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Black History | More Than a Month

As we close out the month of January and enter into the traditional “blackness” of February, there is one thing that remains prevalent on my mind…

“Why do we continue to celebrate black history in the shortest month of the year?”

This question still boggles my mind in ways that are aching to my brain. For decades, we have continuously treated black history as a separate sect of our nation’s history, when in fact, most scholars would agree that black history and american history are one in the same.

This is no secret.

Black American Life on Plantations

From the moment that African slaves were sold and captured and forced to this land by ships, we have been treated as a commodity, and since then, have contributed much to the foundation and construction of this country. From plucking the plantation fields of cotton, sugar cane, and other agricultural crops, to the actual construction of roads and railroads, to the battlefields fought both overseas and on our shores, black people have been a major contributing factor to the wealth, foundation, and well-being of our country.

Black American soldiers fighting in Civil War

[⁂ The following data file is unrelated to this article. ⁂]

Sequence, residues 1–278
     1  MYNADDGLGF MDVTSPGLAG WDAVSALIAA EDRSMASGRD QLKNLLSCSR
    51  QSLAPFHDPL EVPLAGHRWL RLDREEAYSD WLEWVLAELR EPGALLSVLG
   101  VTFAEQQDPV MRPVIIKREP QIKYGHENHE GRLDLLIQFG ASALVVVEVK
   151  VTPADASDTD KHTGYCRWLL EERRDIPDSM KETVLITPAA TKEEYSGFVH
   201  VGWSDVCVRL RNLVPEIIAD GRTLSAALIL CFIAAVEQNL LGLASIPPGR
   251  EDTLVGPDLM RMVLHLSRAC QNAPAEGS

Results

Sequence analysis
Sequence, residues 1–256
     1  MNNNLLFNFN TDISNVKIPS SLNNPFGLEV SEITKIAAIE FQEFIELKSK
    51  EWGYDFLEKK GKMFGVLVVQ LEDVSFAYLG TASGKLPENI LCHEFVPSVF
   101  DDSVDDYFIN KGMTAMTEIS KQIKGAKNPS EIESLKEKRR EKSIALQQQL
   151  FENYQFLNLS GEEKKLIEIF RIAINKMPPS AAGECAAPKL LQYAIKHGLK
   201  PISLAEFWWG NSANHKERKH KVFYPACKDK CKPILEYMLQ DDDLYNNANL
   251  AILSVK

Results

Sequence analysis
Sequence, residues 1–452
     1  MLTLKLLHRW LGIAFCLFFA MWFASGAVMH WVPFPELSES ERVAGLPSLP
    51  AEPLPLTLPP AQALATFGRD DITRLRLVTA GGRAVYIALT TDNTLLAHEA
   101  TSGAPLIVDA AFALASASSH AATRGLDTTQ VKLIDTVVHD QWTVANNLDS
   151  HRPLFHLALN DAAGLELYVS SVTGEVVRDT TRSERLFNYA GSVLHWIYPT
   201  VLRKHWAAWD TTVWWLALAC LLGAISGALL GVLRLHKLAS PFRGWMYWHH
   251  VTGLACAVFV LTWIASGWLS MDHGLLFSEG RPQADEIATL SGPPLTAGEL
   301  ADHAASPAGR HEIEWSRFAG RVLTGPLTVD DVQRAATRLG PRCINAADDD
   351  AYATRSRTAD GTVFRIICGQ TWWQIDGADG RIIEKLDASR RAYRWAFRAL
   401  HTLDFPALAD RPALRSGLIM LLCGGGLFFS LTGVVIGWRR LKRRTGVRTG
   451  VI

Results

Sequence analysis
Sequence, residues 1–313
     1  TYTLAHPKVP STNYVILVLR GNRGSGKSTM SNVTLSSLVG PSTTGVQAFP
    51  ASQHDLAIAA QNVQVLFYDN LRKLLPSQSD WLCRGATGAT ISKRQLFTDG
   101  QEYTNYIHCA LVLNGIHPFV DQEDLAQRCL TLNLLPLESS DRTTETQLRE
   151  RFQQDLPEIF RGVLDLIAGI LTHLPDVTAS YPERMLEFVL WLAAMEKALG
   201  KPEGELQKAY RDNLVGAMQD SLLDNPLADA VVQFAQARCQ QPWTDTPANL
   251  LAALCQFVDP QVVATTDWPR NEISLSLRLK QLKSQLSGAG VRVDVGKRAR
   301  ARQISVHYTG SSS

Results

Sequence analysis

With that being said, our history — which extends way beyond the moment we arrived on these shores — could never truly be understood and appreciated in a month, let alone the shortest month of the year. We can no longer treat black history as if it is a rerun of an old television show that we like to reminisce on from time to time. Every day is a new episode of black history! Every day is and should be a reminder of our existence and how that existence has shaped our country into what it is today.

What I am encouraging and advocating today is for black people to no longer participate in the celebration of this month, but to participate in the celebration of black history every day. We must eat, breathe, and sleep our history! We must teach ourselves our history as often as we learn about history in our schools, but even more since our history is being polluted and diluted by those who continuously chose to ignore our existence.

Though this may be out of our norm, we must be willing to make strides for change. Let us reclaim our history by becoming our own authors. May we no longer accept what it is given to us, but may we now understand that our history is OURS for the taking.

With Much Love & No Bull,


Sources: Google


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